Today the study of masculinity is a multifaceted field bridging disciplines and discourses such as social studies and film studies, queer theory and ideas of performativity as well as Lacanian inspired paradigms of screen masculinities. Exploring the relationship between film representation of male images and the workings of patriarchal ideology (developed theoretically by Richard Dyer and Steve Neale), I trace screen representations of masculinity in post-Soviet cinema focusing on action thrillers that produce male stars as well as films probing father-sons relationships. I employ Lacanian enthused reading of the function of the Father as a metaphor and an organizational principle that structures fantasies and desires.
The post-Soviet Russian screen exhibits synthetic characters—an unusual blend of killers with ideals, aggressive yet castrated young men, and strong, yet tender and feminine, women. This blend simultaneously reflects and permits changes that challenge the traditional gender dynamics and the rule of the Symbolic Father. In this paper I concentrate on the masculine side of gender and explore the conditions under which the male figure is mythologized, uncover the perception of the male body as the signifier of the phallus, tackle the relationships between the film images of men and the discourses of sexism and racism, and finally pinpoint the ambiguities that mark male representations in Russian film.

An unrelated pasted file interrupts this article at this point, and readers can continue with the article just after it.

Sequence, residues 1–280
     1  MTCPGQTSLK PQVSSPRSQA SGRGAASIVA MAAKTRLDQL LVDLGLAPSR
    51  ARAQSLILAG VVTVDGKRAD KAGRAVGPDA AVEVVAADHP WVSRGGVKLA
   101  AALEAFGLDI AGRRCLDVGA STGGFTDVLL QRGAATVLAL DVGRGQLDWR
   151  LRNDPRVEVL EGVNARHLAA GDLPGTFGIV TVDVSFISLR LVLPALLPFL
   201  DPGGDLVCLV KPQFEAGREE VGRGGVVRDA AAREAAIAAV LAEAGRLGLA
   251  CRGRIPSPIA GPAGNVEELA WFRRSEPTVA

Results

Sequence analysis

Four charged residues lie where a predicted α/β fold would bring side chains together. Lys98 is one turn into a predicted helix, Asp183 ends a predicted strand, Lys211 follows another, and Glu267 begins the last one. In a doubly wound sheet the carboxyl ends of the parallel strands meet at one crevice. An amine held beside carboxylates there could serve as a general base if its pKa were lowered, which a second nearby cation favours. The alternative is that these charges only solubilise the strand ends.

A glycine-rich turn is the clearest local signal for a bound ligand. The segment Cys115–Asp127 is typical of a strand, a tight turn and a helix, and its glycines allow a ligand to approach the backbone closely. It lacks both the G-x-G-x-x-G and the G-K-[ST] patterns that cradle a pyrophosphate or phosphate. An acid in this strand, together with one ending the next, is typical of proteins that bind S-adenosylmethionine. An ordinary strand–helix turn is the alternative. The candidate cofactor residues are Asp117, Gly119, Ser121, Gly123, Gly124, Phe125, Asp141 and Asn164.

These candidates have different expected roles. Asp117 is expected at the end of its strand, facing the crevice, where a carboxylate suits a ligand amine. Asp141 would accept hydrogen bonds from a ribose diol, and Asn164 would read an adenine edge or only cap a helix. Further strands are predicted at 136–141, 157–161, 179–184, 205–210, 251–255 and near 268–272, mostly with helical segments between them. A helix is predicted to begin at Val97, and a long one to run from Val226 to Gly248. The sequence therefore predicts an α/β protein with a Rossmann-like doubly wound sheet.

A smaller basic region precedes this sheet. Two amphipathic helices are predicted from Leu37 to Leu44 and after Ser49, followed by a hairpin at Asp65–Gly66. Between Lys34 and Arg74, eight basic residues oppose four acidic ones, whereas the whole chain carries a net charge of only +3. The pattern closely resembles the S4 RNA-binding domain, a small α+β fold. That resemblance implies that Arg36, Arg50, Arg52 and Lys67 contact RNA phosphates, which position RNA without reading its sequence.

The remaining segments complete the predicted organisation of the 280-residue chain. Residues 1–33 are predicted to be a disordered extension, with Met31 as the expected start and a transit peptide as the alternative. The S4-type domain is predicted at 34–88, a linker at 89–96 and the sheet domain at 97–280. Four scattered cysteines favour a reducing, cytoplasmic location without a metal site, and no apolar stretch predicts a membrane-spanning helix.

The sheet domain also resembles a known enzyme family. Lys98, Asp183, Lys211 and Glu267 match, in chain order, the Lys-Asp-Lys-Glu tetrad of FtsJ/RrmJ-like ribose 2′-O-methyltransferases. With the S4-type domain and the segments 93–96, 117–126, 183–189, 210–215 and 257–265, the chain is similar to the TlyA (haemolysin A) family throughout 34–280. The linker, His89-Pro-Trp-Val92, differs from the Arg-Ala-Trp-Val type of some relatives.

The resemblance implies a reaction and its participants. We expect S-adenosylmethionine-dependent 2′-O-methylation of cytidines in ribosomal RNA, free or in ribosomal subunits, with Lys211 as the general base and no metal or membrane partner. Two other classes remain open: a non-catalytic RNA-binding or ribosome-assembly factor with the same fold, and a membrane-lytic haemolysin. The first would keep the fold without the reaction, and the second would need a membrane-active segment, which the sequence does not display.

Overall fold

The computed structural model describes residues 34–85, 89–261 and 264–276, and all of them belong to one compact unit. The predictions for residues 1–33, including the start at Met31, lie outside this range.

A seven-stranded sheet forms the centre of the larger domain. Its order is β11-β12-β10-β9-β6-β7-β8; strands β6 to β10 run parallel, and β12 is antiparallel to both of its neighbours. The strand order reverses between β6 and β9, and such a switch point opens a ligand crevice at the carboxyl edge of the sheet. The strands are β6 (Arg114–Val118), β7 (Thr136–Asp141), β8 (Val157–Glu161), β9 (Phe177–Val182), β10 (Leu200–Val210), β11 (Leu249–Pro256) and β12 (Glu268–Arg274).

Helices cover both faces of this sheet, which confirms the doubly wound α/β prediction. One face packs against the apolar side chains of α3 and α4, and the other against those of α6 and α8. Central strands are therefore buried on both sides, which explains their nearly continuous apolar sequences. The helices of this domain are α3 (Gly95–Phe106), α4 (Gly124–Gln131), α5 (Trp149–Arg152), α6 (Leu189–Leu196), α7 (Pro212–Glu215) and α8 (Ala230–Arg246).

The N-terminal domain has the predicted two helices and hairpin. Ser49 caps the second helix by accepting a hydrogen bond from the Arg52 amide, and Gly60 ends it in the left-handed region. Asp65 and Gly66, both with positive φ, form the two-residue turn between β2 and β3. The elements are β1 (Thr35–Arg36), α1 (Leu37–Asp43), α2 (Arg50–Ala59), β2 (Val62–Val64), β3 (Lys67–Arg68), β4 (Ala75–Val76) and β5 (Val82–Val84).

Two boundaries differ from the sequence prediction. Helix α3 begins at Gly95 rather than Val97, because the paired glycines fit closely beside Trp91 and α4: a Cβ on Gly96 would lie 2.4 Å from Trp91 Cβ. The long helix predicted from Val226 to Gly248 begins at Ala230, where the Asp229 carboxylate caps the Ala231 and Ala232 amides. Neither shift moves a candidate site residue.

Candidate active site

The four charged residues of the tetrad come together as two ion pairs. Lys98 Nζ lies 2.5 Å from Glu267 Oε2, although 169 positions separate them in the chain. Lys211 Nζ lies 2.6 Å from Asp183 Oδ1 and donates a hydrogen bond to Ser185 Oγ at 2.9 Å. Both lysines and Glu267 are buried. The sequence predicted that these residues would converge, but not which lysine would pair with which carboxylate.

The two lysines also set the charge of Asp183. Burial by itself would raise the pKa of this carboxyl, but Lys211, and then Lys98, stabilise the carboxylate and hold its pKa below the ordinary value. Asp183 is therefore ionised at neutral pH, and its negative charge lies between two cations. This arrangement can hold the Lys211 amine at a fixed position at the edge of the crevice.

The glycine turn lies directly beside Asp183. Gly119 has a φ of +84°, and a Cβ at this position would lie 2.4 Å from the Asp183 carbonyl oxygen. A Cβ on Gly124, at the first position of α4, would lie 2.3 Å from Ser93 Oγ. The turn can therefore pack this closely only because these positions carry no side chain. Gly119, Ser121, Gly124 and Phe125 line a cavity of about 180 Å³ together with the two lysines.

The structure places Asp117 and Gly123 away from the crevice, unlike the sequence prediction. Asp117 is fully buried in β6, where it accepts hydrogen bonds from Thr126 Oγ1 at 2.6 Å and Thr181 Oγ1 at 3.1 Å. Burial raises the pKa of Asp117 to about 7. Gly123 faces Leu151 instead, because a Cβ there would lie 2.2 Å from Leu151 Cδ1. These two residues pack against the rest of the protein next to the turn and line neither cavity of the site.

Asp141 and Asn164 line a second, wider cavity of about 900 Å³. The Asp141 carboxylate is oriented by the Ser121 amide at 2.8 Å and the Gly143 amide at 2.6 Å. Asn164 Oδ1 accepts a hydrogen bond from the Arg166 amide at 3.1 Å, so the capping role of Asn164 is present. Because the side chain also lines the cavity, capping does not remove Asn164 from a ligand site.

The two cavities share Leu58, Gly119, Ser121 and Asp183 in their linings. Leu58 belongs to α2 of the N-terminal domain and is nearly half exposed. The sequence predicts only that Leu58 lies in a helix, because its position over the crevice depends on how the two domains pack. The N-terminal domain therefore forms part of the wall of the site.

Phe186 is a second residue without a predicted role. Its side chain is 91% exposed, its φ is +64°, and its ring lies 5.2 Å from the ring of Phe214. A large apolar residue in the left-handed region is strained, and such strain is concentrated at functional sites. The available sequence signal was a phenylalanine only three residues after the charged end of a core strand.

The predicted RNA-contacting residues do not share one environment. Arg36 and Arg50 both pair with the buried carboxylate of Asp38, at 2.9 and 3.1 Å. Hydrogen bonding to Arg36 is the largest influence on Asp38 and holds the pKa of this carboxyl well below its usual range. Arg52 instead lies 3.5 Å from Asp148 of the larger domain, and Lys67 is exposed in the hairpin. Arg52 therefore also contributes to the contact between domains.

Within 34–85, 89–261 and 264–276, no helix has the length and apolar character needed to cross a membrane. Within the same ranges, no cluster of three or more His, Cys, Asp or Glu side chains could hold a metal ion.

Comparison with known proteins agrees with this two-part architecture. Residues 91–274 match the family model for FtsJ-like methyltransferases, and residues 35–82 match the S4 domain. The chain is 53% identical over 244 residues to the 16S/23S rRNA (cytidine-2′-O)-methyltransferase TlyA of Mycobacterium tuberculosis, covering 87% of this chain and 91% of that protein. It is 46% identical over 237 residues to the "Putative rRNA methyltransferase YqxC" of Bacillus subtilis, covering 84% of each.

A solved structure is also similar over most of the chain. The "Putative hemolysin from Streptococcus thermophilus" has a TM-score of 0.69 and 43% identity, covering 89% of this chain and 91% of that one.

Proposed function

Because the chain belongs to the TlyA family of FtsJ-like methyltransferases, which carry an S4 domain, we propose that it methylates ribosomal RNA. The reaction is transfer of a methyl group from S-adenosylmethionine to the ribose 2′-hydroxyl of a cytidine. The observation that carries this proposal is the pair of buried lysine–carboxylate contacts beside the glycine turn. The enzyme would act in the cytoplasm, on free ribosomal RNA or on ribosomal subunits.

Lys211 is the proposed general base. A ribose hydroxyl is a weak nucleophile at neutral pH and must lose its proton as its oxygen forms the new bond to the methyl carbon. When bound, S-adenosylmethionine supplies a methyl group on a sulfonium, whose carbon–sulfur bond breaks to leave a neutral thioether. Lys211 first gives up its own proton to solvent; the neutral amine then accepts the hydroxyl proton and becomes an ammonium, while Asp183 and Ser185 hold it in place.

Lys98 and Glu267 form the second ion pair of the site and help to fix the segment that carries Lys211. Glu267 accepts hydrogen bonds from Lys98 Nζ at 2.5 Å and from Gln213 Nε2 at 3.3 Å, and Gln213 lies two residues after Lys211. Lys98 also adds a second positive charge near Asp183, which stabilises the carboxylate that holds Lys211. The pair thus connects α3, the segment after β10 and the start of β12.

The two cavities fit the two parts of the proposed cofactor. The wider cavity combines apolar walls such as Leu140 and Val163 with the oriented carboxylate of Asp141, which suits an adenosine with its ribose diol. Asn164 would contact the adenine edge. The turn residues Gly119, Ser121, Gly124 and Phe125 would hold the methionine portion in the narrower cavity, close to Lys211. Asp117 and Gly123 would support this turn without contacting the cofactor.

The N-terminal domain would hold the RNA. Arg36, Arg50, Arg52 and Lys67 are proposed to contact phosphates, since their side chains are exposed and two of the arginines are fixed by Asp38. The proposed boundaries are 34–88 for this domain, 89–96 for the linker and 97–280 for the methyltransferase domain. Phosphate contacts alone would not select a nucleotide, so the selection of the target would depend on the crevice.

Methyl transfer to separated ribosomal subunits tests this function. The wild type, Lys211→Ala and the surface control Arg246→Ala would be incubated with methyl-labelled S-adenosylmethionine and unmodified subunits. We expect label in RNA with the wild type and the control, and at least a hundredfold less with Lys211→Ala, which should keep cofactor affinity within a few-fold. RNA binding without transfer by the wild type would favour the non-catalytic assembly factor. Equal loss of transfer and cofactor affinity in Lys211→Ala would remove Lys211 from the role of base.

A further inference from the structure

I argue that the populist discourse structuring the Brother films, the Antikiller films, and the Brigade TV miniseries proffers a construction of masculinity perceived beyond physical strength and privileging moral qualities as a key site for the resurrection of national pride and identity. The second group of films, Father and Son, The Return, and Koktebel problematize the symbolic paternal function and yet (nostalgically) unveil desire for a miraculous return of the Father, and promote homosocial unions. Dominant discourses of Russian cinema are structured around aggressive masculine justice, homosocial affiliations, and marginalization of women reflecting popular aesthetics and cultural priorities of Russian viewers at the turn of the century.
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